Although some couples are looking to embrace technology and save money by sending electronic wedding invites, sending postal wedding invitations is still the accepted way to ask guests to come to your wedding.
An official printed invitation received through the post adds to the formality of the occasion and distinguishes it from just another party. Sending formal invitations in the post also increases your chances of getting definite replies.
Here are eight tips on sending out postal wedding invitations:
As a general rule around 2-5% of your entire wedding budget will be spent on your wedding invitations, but be careful as this should include postage as well as the invitations themselves and printing costs.
Measure your envelopes and check how much a complete invitation weighs before you send them out. There’s nothing more embarrassing than your guests having to pay a fine and extra postage to receive your wedding invitation.
You may be surprised how big and heavy an invitation can become if you use thick card and include a reply, card, gift list details and accommodation information. To qualify for the small letter rate, your invitations should fulfil these criteria:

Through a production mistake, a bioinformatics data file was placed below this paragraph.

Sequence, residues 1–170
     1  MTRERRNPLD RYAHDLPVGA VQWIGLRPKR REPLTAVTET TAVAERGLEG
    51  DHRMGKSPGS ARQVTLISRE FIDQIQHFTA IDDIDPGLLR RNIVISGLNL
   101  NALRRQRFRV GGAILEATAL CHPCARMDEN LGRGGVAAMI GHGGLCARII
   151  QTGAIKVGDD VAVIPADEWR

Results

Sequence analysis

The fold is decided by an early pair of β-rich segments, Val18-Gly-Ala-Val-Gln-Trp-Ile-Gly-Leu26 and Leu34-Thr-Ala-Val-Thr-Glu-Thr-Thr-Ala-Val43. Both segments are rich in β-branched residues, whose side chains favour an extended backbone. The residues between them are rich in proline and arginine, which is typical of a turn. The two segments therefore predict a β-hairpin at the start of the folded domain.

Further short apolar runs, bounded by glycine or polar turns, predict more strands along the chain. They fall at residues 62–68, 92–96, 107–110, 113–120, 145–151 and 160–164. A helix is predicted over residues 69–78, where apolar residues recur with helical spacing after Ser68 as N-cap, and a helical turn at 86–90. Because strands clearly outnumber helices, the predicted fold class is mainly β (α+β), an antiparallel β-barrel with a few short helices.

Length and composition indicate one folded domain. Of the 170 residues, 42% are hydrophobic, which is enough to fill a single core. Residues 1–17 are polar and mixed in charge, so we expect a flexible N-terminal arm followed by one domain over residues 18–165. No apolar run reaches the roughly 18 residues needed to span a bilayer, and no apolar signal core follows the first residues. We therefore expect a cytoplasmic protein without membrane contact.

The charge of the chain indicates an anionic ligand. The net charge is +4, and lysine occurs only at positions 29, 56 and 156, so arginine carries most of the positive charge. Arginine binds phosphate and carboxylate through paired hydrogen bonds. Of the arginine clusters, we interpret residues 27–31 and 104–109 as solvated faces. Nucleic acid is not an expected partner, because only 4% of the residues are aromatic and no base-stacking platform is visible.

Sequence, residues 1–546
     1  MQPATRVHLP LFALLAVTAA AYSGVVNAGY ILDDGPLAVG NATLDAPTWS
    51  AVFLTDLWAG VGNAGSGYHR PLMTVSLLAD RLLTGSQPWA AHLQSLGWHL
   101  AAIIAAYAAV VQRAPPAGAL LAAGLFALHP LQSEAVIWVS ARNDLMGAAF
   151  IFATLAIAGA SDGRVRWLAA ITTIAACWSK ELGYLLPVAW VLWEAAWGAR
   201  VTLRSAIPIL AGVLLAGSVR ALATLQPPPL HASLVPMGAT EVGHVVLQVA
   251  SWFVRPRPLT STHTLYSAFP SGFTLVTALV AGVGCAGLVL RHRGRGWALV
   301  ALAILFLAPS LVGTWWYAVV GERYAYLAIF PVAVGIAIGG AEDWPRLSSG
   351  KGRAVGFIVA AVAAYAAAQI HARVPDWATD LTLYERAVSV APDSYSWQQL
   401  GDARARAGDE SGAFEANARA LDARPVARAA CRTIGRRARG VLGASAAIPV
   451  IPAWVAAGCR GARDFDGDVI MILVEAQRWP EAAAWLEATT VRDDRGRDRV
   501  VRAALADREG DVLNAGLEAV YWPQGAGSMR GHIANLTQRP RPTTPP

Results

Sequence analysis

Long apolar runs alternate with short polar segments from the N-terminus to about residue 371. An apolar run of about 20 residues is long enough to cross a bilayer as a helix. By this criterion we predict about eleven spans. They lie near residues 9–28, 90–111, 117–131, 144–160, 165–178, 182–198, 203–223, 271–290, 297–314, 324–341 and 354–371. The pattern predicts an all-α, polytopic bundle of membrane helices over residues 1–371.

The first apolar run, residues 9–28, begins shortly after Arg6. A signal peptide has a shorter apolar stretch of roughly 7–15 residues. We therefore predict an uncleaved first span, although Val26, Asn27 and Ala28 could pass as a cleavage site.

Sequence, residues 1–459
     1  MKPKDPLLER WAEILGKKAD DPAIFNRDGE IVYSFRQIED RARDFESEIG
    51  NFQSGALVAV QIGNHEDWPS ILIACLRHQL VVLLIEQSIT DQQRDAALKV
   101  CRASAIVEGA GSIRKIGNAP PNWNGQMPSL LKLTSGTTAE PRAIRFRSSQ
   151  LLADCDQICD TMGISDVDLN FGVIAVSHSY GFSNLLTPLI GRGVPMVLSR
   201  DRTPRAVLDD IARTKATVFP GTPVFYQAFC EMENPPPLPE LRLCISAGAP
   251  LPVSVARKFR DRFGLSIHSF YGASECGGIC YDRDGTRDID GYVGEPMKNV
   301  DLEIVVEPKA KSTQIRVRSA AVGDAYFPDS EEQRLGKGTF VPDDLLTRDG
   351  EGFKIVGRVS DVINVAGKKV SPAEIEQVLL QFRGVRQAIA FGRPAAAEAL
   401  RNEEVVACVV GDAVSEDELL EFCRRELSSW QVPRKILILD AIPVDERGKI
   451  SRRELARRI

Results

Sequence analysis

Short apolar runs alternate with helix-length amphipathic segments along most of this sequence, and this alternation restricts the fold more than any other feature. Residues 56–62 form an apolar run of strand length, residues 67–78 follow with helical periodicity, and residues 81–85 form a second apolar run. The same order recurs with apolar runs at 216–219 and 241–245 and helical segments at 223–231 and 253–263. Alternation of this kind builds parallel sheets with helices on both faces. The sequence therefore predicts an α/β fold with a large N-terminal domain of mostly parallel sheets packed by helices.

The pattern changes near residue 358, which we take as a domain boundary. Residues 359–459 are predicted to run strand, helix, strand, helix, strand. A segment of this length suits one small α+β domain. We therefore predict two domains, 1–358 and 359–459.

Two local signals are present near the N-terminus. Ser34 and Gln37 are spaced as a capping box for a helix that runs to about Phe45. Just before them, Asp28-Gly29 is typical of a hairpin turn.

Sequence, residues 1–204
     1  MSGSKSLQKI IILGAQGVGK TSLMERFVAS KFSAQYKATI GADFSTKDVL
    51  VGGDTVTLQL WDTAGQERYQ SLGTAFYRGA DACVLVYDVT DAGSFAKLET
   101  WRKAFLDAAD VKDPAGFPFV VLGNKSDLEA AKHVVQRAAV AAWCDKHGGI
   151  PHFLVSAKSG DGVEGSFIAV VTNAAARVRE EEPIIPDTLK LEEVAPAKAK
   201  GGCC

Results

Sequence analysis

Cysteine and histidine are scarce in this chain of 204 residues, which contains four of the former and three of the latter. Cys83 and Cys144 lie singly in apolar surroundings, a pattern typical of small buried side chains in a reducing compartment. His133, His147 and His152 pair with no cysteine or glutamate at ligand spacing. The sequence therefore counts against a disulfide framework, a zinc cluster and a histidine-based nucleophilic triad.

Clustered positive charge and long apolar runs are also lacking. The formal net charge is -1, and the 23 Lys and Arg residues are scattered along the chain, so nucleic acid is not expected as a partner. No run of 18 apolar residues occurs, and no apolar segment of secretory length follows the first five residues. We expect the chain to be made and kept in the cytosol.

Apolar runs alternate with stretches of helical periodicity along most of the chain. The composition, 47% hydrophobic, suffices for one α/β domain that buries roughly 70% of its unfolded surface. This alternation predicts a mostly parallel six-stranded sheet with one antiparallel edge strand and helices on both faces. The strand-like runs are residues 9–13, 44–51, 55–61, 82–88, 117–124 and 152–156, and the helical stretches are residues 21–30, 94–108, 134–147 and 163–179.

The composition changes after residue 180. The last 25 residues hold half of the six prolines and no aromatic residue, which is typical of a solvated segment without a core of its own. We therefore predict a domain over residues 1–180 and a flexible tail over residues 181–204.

- Maximum size: 1.3cm x 2.4cm
- Maximum thickness: 0.5cm
- Maximum weight: 250g
You may have chosen tiny little wedding invitations because they are cute, environmentally friendly, and suit your wedding theme, but Australia Post recommend that envelopes should be bigger than 13.8cm x 8.8cm to avoid them becoming trapped in machinery or other letters.
Don’t expect to receive all your replies back right away. Even if your guests send their reply by return of post, domestic post can take up to four days each way between country locations.
Most guests will take a few days to check their diaries, buy a reply card and get to the post office. Some guests might wait to reply until they have booked accommodation or travel, and there will always be some that don’t reply at all and have to be called in the weeks leading up to the wedding.
When to post your wedding invitations depends very much on when you are holding your wedding, and whether you have already sent save the date cards. Generally you should post your invitations eight weeks before the big day, but if you are getting married in high season, or you haven’t sent save the date cards, you might want to do it sooner.
If you are inviting out of town guests, or even friends from other countries, make sure you post them a save the date card and plenty of information about accommodation and the local area around six to eight months before the wedding. It’s fine to send them their official invitation when you send everybody else’s.
Make sure you put a return address on the back of the invitations to avoid misunderstandings. Your friend may be offended that they haven’t received an invitation, and you might be offended that they haven’t bothered to reply, when in actual fact the envelope is simply lost in the post.
Have coloured address stickers printed to match your stationery; this looks smart and saves you a lot of writing. If you do get invites returned to sender, call your guest as soon as possible to explain why they haven’t had an invitation and find out what went wrong.